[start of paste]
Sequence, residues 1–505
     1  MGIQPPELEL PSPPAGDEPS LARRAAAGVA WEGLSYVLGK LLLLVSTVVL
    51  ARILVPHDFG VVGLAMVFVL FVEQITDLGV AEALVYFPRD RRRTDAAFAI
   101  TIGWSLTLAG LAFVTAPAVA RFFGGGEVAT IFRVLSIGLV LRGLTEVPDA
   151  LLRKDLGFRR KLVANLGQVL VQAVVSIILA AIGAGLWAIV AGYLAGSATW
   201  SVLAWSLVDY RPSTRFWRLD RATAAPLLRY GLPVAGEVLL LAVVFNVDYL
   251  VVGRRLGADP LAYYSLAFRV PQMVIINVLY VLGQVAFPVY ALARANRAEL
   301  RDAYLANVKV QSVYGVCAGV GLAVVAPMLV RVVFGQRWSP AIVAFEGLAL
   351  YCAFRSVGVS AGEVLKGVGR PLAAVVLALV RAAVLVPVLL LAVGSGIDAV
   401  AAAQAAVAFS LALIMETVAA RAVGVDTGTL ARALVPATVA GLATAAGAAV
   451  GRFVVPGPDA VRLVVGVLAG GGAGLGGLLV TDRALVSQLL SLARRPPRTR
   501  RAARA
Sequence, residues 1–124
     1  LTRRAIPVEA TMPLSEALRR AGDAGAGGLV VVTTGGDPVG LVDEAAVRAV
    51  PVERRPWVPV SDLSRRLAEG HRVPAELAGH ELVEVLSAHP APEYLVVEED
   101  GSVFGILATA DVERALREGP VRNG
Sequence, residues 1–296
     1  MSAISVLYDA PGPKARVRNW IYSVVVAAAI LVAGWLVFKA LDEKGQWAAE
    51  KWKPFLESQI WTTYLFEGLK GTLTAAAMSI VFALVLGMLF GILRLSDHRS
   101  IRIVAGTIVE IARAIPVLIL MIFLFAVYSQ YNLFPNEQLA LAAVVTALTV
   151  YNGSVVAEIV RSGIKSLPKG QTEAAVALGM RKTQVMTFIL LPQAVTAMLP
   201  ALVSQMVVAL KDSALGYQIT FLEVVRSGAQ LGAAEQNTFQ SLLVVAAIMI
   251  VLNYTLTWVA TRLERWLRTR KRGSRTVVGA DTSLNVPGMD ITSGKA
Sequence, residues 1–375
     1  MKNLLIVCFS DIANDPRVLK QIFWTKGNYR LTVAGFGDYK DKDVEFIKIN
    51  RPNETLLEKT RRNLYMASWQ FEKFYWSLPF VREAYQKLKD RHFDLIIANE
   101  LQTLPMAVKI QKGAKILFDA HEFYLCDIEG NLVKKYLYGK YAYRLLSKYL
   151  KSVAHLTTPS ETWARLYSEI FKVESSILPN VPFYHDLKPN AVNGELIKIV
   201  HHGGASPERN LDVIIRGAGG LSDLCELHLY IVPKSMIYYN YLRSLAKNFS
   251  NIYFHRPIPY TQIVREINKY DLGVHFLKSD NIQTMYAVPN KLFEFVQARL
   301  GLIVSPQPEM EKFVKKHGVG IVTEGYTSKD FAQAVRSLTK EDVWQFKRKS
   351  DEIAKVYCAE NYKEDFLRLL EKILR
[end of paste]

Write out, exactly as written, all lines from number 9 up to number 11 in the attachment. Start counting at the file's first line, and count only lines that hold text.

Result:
   351  YCAFRSVGVS AGEVLKGVGR PLAAVVLALV RAAVLVPVLL LAVGSGIDAV
   401  AAAQAAVAFS LALIMETVAA RAVGVDTGTL ARALVPATVA GLATAAGAAV
   451  GRFVVPGPDA VRLVVGVLAG GGAGLGGLLV TDRALVSQLL SLARRPPRTR